Deduction and Induction Methods of Economics

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Like any other science, Economics also has its laws or generalisations. These laws, govern the activities in the various divisions of Economics such as Consumption, Production, Exchange and Distribution. The logical process of arriving at a law or generalization in science is called its method.

Economics uses two methods: Deduction and Induction. Economists today say both these methods are complementary. Alfred  Marshall has rightly remarked: “Inductive and Deductive methods are both needed for scientific thought, as the right and left foot are both needed for walking”.

Deductive Method of Economic Analysis

The deductive method is also named an analytical or abstract method. It consists of deriving conclusions from general truths; it takes few general principles and applies them to draw conclusions. The classical and neoclassical school of economists notably, Ricardo, Senior, J S Mill, Malthus, Marshall, Pigou, applied the deductive method in their economic investigations.

Steps of Deductive Method

Step 1: The analyst must have a clear and precise idea of the problem to be inquired into.
Step 2: The analyst clearly defines the technical terms used in the analysis. Further, assumptions of the theory are to be precise.
Step 3: Deduce the hypothesis from the assumptions taken.
Step 4: Hypotheses should be verified through direct observation of events in the real world and through statistical methods. (eg) There exists an inverse relationship between price and demand of a good.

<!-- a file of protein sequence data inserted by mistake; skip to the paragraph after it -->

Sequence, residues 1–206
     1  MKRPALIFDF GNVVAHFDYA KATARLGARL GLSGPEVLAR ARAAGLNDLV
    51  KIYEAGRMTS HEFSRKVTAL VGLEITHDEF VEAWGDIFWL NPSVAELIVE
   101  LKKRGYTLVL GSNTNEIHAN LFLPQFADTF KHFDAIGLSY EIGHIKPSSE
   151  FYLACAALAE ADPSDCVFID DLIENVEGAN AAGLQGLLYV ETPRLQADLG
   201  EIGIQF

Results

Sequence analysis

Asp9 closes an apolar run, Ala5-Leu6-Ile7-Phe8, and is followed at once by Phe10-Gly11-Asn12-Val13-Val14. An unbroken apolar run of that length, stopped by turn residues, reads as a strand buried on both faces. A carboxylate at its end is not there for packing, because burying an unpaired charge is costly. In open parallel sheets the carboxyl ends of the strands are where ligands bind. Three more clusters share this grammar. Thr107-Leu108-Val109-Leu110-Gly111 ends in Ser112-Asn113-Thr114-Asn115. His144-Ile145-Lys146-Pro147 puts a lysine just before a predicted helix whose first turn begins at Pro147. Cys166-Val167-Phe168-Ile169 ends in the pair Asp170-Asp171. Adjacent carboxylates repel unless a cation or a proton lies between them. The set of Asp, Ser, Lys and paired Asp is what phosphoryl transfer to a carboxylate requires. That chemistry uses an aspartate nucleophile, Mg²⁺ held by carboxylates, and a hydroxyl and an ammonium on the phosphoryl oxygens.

Inductive Method of Economic Analysis

The inductive method, also called the empirical method, is adopted by the “Historical School of Economists”. It involves the process of reasoning from particular facts to a general principle. Economic generalizations are derived in this method, on the basis of

• Experimentations
• Observations
• Statistical methods

Steps of Inductive Method

Step 1: Data are collected about a certain economic phenomenon. These
are systematically arranged and the general conclusions are drawn from
them.
Step 2: By observing the data, conclusions are easily drawn.
Step 3: Generalization of the data and then Hypothesis Formulation
Step 4: Verification of the hypothesis (eg. Engel’s law)

According to Engel’s Law “The proportion of total expenditure incurred on food items declines as total expenditure [which is proxy for income] goes on increasing.”

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Author and Assistant Professor in Finance, Ardent fan of Arsenal FC. Always believe "The only good is knowledge and the only evil is ignorance - Socrates"
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